The Gemara adds that this is as Rabbi Yehoshua said to his sons: On the first night of Passover, do not knead for me dough with milk, but from the first night onward, knead my dough for me with milk. The Gemara raises a difficulty: But wasn’t it taught in a baraita: Throughout the whole year one may not knead dough with milk, and if he kneaded dough with milk, the entire bread is prohibited, due to the fact that one will become accustomed to sin, by unwittingly eating it with meat? Rather, this is what he is saying: On the first night of Passover do not knead me dough with honey; however, from then onward, knead me dough with honey.
וְאִיבָּעֵית אֵימָא: לְעוֹלָם בַּחֲלָבָא, כְּדַאֲמַר רָבִינָא: כְּעֵין תּוֹרָא — שְׁרֵי. הָכָא נָמֵי כְּעֵין תּוֹרָא.
And if you wish, say instead that actually Rabbi Yehoshua said: With milk, as Ravina said: If this bread, kneaded with milk, is prepared in the shape of an ox’s eye, it is permitted. In other words, if one forms this dough in a unique shape, e.g., the eye of an ox, one may eat it, as it is clearly distinguishable from ordinary bread. Therefore, there is no concern that it will be eaten with meat. Here too, the baraita is speaking about a case where he told them to prepare this matza in the shape of an ox’s eye.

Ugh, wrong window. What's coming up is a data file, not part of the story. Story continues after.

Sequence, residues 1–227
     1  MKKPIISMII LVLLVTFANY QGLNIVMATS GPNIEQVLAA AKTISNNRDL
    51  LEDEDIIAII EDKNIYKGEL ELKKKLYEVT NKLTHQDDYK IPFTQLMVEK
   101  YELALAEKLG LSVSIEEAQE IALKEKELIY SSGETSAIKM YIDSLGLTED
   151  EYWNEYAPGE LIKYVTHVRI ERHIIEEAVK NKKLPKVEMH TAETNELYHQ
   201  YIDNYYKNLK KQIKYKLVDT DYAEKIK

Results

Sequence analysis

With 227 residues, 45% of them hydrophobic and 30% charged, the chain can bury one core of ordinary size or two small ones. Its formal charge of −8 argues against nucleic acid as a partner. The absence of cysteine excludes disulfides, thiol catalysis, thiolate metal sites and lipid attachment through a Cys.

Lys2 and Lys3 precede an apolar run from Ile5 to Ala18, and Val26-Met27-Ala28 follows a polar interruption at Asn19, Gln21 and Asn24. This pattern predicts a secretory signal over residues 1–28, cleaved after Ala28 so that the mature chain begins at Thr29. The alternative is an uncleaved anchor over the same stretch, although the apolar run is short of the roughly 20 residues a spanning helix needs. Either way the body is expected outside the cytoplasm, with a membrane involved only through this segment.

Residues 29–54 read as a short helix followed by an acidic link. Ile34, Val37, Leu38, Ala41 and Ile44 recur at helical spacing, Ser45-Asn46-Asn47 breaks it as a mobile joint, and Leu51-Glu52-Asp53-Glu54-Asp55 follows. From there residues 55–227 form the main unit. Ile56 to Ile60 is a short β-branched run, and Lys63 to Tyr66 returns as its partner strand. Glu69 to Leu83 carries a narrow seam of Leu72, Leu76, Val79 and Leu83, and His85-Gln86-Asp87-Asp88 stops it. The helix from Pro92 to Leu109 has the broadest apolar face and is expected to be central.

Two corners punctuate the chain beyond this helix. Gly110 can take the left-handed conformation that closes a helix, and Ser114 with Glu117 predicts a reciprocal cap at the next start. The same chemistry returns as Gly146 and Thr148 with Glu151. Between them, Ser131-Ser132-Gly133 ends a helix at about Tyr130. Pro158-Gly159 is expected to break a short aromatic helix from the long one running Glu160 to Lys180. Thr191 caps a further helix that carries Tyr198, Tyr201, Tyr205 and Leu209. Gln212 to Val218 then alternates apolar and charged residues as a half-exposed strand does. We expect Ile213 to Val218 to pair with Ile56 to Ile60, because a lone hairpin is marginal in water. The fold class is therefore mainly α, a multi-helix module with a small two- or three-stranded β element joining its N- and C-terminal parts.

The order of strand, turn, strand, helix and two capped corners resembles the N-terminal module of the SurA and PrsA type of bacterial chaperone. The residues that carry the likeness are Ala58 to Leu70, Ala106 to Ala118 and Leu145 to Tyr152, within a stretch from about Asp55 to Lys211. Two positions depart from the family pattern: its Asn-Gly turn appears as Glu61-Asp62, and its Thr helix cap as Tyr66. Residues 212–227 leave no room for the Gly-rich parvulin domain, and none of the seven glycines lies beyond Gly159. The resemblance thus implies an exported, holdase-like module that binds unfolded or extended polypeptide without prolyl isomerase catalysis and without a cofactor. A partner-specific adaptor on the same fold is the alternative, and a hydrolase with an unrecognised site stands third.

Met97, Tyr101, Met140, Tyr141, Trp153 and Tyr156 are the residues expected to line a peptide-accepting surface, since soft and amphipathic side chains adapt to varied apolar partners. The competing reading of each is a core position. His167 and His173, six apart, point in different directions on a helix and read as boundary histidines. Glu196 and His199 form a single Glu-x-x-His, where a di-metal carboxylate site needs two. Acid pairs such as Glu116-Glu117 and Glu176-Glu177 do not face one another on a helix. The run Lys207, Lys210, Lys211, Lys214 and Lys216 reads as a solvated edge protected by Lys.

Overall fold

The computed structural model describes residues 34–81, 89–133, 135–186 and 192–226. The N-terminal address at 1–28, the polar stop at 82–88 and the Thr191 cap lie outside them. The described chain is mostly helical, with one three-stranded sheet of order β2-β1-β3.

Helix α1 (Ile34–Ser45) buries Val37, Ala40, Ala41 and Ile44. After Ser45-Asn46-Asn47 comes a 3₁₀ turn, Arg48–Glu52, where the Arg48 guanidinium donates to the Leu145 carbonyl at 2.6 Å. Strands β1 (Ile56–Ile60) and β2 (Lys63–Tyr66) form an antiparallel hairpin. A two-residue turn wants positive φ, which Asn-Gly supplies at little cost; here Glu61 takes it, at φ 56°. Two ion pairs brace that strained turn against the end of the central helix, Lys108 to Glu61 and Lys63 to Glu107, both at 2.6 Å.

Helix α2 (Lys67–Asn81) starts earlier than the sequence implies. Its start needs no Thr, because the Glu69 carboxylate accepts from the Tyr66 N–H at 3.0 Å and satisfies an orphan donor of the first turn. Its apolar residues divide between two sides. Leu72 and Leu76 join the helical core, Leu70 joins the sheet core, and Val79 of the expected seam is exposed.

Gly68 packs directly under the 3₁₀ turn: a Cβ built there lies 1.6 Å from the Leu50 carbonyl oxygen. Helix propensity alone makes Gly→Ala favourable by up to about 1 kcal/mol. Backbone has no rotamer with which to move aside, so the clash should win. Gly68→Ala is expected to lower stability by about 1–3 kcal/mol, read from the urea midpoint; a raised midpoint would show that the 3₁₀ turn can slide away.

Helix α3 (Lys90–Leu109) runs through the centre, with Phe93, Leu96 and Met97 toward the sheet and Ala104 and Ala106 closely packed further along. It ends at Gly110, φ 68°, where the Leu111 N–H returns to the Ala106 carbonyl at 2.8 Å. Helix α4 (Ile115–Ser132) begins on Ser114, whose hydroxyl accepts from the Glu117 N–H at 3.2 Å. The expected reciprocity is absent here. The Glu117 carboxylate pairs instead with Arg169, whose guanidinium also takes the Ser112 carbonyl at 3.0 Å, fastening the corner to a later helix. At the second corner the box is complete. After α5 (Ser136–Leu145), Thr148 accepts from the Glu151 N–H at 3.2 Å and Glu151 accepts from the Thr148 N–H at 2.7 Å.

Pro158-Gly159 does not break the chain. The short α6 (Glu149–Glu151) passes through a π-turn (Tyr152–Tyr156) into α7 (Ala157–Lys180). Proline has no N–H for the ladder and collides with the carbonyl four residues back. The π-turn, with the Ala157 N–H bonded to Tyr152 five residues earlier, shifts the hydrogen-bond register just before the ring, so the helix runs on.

וְשָׁוִין שֶׁאֵין לָשִׁין אֶת הָעִיסָּה בְּפוֹשְׁרִין. מַאי שְׁנָא מִמְּנָחוֹת, דִּתְנַן: כׇּל הַמְּנָחוֹת נִילּוֹשׁוֹת בְּפוֹשְׁרִין, (וּמִשְׁתַּמְּרִין) שֶׁלֹּא יֶחְמְצוּ. אִם אָמְרוּ בִּזְרִיזִין, יֹאמְרוּ בְּשֶׁאֵין זְרִיזִין?
It was incidentally mentioned in the previous baraita: And everyone agrees that one may not knead dough with warm water. The Gemara asks: In what way is this case different from that of meal-offerings? As we learned in a mishna: All meal-offerings are kneaded with warm water and are watched so that they will not be leavened. The Gemara explains that there is a distinction between these two cases: If they say it is permitted for diligent priests to bake with warm water, shall they also say the same with regard to those who are not diligent? The priests are diligent and expert in the Temple service and are able to take extreme care, but not everyone can be relied upon to guard the dough unfailingly.